California PUC Approves First-of-its-Kind "Climate Dividend" for California Households
Posted December 20, 2012 in Solving Global Warming
The California Public Utilities Commission voted unanimously today to approve a plan to distribute cap-and-trade allowance revenues from the utility sector that includes a first-of-its-kind “climate dividend.” Under today’s decision, every California household that draws power from one of the state’s three large investor-owned electric utilities (PG&E, Southern California Edison, and SDG&E) will receive a dividend in the form of a semi-annual credit on their energy bill starting next year.
The vote approves in large part the proposed decision issued by Administrative Law Judges Semcer and Hecht last month, which first detailed the components of the plan. As I blogged at the time, the decision allocates allowance revenues to three main customer groups, consistent with the Legislature’s direction in SB 1018:
- Leakage-Exposed Industries: First, customers in industries that the Air Resources Board has classified as leakage-exposed (i.e., that face competition from out-of-state firms not held accountable for their carbon pollution) will receive compensation for the indirect emissions associated with their electricity purchases. Although the details will be worked out in a follow up proceeding, the decision rejects proposals that would compensate leakage-exposed customers with allowance revenues in direct proportion to their consumption (a so-called volumetric return). The Commission estimates leakage-exposed industries will receive roughly 5% of the total revenue.
- Small Businesses: Revenues will next be returned to small businesses, which the Commission defines as any non-residential customer with demand not in excess of 20 kW in more than three months (within the previous twelve-month period). Customers that classify as both leakage-exposed and a small business are not eligible for multiple rebates. The Commission estimates small-businesses will receive roughly 10% of the total revenue.
- Households: The bulk of allowance revenues under today’s decision, roughly 85% of the total, will be provided to households. The Commission will pursue a two-tiered approach for residential customers. Allowance revenues will first be used to fully offset any direct costs, in rates, on households from the cap-and-trade program. In light of existing statutory constraints on apportioning costs within the residential class, the decision finds the allocation to upper-tier customers warrants a deviation from its “primary policy objective of preserving the carbon price signal.” The decision is clear, however, that should those restrictions be reduced or eliminated, so should the provision of allowance revenue in rates.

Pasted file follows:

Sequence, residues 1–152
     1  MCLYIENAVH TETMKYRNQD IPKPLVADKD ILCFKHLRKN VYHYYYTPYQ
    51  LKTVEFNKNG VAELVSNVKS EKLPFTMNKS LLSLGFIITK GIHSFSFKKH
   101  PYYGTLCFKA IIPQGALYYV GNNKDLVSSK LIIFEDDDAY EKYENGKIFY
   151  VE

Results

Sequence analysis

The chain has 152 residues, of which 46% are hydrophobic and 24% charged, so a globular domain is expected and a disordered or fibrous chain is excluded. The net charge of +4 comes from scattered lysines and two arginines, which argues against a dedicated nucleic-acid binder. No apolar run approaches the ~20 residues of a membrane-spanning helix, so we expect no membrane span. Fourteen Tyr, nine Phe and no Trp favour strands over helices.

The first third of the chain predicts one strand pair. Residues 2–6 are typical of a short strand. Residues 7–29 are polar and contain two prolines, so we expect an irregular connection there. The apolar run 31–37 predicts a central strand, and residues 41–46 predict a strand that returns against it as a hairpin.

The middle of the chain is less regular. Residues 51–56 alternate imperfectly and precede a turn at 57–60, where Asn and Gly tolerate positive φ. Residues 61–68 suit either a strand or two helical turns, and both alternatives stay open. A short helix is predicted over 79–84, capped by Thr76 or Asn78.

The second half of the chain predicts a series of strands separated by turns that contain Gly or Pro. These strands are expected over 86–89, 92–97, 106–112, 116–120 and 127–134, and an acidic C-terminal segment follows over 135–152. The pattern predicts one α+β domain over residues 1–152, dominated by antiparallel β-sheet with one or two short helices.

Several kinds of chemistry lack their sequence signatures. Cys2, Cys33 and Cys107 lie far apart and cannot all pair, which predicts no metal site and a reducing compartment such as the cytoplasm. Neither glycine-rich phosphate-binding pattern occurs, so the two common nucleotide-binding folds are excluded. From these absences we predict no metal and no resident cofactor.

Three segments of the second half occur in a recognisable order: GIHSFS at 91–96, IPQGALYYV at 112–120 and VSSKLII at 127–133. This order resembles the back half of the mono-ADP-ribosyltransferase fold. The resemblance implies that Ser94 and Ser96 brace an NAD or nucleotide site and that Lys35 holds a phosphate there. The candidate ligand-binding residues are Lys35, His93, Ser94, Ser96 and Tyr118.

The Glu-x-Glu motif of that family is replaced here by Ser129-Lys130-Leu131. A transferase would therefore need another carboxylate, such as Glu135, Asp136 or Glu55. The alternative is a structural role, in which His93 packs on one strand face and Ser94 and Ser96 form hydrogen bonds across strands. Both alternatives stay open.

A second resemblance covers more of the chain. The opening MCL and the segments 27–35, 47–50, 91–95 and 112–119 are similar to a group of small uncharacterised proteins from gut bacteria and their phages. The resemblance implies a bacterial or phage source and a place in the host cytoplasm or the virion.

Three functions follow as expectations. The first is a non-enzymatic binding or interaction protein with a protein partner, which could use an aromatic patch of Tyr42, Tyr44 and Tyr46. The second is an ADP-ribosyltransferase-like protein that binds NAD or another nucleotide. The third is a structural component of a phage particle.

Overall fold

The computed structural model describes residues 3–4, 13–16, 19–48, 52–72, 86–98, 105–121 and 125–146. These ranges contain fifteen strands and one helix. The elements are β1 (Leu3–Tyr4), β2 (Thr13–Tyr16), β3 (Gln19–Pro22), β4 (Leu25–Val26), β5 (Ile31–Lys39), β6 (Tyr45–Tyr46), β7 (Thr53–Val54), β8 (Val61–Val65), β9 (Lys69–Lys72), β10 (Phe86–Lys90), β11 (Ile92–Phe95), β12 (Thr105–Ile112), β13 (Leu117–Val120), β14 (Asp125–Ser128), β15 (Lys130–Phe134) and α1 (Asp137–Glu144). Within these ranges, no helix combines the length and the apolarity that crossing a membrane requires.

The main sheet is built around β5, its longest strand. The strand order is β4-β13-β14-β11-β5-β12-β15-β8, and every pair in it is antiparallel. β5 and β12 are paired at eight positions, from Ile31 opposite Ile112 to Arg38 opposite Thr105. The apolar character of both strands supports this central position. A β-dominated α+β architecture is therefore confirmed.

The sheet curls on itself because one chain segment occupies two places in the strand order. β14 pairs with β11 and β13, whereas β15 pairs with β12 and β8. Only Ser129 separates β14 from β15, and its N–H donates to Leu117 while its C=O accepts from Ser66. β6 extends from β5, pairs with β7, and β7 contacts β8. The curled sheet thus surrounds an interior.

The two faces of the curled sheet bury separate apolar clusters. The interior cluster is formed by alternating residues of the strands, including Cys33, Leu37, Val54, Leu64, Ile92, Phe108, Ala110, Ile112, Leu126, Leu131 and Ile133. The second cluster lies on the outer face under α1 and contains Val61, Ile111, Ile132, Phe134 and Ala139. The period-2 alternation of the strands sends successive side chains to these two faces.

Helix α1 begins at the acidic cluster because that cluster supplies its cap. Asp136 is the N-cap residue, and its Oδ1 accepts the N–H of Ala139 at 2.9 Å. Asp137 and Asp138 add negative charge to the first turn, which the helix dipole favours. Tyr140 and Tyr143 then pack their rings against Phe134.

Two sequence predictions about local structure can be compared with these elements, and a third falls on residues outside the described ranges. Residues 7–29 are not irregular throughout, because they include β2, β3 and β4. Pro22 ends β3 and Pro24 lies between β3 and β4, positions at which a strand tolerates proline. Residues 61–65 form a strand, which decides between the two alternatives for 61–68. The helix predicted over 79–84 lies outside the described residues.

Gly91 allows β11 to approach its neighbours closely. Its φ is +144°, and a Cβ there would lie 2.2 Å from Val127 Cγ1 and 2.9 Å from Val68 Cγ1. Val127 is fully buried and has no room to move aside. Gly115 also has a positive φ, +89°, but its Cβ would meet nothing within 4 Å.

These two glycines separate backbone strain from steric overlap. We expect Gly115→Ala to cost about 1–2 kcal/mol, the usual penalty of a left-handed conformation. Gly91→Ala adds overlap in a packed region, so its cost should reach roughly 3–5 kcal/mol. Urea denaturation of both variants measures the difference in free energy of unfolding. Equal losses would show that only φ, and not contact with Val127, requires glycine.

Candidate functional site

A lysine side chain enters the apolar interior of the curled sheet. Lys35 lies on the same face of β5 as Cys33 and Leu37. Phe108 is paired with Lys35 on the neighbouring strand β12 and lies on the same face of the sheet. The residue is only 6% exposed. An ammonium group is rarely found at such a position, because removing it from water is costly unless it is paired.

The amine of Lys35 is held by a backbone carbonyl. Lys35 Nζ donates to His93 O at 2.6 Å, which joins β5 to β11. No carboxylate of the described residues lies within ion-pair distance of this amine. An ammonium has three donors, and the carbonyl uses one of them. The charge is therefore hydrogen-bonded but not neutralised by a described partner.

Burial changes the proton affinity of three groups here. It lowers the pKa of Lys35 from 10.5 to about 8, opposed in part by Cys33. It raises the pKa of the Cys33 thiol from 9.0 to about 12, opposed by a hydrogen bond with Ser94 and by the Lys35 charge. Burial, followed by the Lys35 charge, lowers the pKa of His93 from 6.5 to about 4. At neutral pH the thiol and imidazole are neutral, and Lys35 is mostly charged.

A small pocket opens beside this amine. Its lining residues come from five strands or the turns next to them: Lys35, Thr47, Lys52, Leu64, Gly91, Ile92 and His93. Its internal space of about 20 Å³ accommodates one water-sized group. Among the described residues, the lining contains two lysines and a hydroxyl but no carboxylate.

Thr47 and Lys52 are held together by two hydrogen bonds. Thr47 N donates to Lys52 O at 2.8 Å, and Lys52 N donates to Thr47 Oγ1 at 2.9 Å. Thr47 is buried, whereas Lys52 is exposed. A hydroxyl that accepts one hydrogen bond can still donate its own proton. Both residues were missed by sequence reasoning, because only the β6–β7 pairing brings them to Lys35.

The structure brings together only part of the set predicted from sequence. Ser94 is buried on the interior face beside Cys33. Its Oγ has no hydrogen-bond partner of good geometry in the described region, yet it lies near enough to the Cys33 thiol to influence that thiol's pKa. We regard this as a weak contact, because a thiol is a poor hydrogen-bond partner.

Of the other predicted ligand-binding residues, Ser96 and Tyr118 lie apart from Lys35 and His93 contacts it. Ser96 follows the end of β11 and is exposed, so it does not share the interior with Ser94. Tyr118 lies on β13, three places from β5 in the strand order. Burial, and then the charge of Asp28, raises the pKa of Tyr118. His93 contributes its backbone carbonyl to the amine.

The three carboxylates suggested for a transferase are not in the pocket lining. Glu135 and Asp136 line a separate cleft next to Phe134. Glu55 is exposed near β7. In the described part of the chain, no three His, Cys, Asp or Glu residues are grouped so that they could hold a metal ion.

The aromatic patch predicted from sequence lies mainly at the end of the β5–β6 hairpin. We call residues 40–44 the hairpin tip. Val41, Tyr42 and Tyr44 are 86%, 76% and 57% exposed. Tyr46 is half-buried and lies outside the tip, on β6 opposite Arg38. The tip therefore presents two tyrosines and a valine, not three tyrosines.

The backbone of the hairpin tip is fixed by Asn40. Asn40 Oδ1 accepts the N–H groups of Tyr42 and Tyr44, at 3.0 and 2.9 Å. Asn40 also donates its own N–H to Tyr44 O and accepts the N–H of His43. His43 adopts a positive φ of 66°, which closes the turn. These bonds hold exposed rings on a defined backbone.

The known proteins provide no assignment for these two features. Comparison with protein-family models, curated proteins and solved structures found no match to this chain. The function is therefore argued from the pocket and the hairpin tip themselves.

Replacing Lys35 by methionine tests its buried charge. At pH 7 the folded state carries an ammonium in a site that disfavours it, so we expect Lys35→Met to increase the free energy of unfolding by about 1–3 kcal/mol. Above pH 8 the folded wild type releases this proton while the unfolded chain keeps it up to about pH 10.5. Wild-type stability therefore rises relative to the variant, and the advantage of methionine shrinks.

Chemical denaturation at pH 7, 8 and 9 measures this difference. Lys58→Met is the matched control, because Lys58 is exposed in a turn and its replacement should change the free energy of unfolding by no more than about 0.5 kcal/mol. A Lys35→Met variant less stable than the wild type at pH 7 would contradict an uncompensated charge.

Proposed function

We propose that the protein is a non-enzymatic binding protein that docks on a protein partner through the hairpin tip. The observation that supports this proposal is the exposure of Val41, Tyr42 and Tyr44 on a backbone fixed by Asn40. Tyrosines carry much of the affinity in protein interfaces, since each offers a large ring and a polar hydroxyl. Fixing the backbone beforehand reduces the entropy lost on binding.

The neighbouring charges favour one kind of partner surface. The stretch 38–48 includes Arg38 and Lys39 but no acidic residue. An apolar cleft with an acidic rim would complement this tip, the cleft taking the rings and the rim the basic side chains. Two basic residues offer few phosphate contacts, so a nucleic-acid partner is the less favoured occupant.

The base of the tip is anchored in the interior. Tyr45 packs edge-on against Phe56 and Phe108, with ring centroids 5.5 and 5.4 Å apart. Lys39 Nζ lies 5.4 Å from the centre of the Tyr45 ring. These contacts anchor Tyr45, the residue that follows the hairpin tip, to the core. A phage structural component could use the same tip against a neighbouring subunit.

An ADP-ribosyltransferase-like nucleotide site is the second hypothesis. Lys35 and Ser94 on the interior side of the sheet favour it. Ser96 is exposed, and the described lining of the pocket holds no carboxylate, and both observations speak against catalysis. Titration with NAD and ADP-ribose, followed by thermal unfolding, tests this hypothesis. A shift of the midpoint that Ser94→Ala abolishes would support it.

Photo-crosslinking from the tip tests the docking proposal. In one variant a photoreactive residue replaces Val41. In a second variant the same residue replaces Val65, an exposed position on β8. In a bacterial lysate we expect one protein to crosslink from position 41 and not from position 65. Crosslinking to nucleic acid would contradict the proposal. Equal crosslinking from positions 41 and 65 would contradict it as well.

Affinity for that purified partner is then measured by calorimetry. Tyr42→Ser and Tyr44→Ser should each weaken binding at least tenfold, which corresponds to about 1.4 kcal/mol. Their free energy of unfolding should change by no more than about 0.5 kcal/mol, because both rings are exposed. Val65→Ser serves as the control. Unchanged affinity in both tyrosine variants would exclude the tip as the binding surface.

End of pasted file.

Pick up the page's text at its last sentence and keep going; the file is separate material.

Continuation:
All remaining revenues will then be provided equally to all residential accounts through a climate dividend. Dividends can offset the indirect impacts from carbon pricing in the general economy, which will fall disproportionately on low income households, and create a more effective opportunity to engage customers both on the steps California is taking to confront climate change and the crediting of allowance revenues.
In that regard, the Commission must remain mindful of the extent to which dividends are proving successful in raising customer awareness. While providing credits ‘on-bill’ offers obvious administrative advantages, as the decision finds, key education and outreach opportunities will be lost if the manner in which dividends are provided leaves customers largely in the dark.
The final decision also affirms the Commission’s stance in favor of providing a clear price on carbon. The cap-and-trade program creates an economic incentive for businesses and consumers alike to find the most efficient and cost-effective means of reducing emissions. In the electricity sector, that incentive exists both for generators at the wholesale level and customers at the retail level to shift away from emissions intensive activities and invest in carbon reducing strategies like energy efficiency. In order to preserve those incentives, the cost of carbon should be reflected in the price of electricity.
While important implementation details remain to be resolved, the upshot from today is clear: California is taking steps to reduce carbon pollution, and households are reaping the benefits. That is a welcome early Christmas gift for all Californians.